In Boekoff, the court concluded that the wife’s agreement to reduced support (from $800 to $200 per month) constituted a binding waiver of her rights, which she had withdrawn on reasonable notice. In the result, the court found she was not entitled to arrears, but was entitled to ongoing support of $424 per month based on SSAG.  With respect to the nature of the agreement to reduced support, the court observed:  In some limited circumstances, the law may hold a party to an agreement despite the absence of consideration through doctrines such as promissory estoppel and waiver. Promissory estoppel occurs where one party, by words or conduct, makes a promise intended to affect the parties’ legal relationship, and in reliance on that promise, the other party acts to his or her detriment: Maracle v Travelers Indemnity Co of Canada,  2 SCR 50 at 57. A “waiver” is said to occur where the evidence shows that the party waiving their rights had a full knowledge, and an unequivocal and conscious intention to abandon them: Saskatchewan River Bungalows Ltd et al v Maritime Life Assurance Co,  2 SCR 490 at 499-500. The two doctrines are closely related; the principle underlying both is that a party should not be allowed to go back on a choice when it would be unfair to the other party to do so: Saskatchewan River Bungalows at 499.
Justice Grauer goes on to find that the second agreement, being the reduction of spousal support to $0 was “at best” a waiver of her rights. He states that waiver of rights can be a material change in circumstances that can result in a review of spousal support.
As the years passed after the second “agreement”, Justice Grauer found that the husband had an obligation to disclose to the wife”how his plans to retire were proceeding, and his financial situation, given the basis on which he had obtained her waiver and otherwise unfettered entitlement to support.” He found specifically that he was not entitled to assume that her waiver was a final resolution of spousal support.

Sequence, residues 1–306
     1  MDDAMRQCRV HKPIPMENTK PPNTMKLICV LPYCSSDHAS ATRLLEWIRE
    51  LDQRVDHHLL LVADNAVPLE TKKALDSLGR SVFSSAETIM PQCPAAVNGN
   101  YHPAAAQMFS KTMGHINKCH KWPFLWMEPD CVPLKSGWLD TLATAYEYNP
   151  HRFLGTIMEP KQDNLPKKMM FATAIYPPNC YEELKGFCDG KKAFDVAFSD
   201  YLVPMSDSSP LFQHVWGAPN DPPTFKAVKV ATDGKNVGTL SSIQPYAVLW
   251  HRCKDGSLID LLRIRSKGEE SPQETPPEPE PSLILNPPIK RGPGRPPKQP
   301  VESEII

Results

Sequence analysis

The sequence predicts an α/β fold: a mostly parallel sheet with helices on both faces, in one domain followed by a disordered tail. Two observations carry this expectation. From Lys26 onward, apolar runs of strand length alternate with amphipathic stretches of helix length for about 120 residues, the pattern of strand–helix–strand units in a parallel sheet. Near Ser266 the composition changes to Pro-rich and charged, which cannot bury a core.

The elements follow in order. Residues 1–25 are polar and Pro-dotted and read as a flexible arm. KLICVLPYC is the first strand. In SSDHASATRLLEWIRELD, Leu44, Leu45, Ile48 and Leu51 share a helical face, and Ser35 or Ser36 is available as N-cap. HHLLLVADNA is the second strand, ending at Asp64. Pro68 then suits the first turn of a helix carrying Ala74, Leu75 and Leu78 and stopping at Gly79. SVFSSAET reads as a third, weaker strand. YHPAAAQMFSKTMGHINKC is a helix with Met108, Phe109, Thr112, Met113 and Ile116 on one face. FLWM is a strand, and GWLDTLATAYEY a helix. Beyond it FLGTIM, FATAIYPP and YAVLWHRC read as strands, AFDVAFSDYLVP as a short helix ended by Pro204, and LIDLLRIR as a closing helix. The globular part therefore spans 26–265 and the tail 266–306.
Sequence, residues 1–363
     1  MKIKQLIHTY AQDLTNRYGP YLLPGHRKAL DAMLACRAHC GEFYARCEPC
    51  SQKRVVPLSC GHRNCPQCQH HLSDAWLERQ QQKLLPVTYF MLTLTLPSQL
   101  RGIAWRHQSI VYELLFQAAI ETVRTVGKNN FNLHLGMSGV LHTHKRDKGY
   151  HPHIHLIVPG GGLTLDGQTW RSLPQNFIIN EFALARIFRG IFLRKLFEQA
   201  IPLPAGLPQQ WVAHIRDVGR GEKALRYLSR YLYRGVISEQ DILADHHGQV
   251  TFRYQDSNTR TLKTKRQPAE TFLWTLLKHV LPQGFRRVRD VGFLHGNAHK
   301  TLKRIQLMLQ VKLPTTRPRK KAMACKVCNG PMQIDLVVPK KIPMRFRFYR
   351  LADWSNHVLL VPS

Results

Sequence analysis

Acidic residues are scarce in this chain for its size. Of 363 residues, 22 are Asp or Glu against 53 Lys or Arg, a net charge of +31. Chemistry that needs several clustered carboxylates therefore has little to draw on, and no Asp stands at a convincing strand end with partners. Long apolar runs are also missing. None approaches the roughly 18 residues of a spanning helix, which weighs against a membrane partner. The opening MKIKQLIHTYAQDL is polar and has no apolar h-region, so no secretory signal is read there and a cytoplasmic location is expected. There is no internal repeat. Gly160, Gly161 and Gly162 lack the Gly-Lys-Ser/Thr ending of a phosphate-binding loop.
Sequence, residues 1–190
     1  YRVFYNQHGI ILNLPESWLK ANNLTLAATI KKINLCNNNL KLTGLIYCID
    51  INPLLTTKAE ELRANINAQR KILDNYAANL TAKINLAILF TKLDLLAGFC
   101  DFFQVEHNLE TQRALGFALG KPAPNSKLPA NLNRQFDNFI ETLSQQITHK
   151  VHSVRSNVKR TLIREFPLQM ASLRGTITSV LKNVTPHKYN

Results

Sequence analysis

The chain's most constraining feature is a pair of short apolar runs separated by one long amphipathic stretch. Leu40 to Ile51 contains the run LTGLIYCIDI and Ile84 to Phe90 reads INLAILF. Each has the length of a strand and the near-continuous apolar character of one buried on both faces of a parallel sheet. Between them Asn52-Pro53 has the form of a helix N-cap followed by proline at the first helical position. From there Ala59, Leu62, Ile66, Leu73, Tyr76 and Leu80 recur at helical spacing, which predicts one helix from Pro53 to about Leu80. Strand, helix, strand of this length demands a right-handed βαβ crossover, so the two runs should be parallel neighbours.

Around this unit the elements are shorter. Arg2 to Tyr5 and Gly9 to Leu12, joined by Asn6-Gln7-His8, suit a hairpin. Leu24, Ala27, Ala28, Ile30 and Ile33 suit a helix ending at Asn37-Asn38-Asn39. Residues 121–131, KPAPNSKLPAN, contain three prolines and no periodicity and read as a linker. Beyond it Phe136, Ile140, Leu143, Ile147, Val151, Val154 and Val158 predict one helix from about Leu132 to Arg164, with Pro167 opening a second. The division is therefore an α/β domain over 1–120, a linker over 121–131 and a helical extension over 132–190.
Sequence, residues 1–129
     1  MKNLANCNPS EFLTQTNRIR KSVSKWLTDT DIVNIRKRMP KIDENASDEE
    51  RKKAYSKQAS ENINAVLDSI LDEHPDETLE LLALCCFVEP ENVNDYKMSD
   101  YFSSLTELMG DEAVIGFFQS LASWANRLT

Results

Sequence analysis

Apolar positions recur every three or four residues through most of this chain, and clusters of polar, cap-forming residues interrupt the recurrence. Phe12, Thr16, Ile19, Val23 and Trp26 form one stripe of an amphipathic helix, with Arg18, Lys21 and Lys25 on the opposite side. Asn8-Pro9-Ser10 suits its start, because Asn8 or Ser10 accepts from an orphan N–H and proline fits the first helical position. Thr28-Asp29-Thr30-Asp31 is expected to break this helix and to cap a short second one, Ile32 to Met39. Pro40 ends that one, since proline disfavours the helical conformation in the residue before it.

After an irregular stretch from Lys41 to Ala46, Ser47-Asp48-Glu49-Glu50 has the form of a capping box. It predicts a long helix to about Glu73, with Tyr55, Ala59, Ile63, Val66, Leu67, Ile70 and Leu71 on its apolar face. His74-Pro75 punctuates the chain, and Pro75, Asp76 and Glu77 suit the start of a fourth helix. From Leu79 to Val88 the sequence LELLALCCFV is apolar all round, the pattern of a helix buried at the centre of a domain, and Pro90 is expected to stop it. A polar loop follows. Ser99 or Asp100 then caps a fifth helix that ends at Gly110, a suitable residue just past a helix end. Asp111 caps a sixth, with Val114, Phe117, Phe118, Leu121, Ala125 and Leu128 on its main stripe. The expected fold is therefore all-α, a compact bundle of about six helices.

However, Mr. Justice Grauer finds that because she was not misled by the husband, she is not entitled to claim spousal support going back to January 2009. In his view, it was only 4 years after the second agreement that the husband was required to disclose his financial situation, and she should only be able to obtain retroactive support back to that point in time, namely January 1, 2015. He finds that this was the time the wife would have revoked her waiver.
The result was that despite her waiver, the wife was entitled to $8,000 per month in spousal support beginning January 2015 until present and on a going-forward basis for at least one year at which point either party may apply for a review of support.
This case is an example of why independent legal advice is so important when entering into agreements relating to spousal support. Had the wife received independent legal advice respecting a reduction in her spousal support, she would have been advised to insist on full financial disclosure and to put something in writing with respect to the first agreement.
The husband’s situation was also negatively affected by the failure to obtain legal advice at the time of the first and second agreement. Had he obtained independent legal advice, he might have avoided this fight and the requirement to pay spousal support beginning in January 2015. He could have done so by agreeing to pay a specific amount (i.e. some sort of lump sum) for the wife’s waiver, or agreed to future financial disclosure which would have at least kept the wife apprised of his failure to retire and started the clock running on her claims for spousal support.
If you don’t want to put yourself in a similar position to these two feel free to contact us to discuss what legal options are best for you in your spousal support claim. We offer a free one-hour consultation.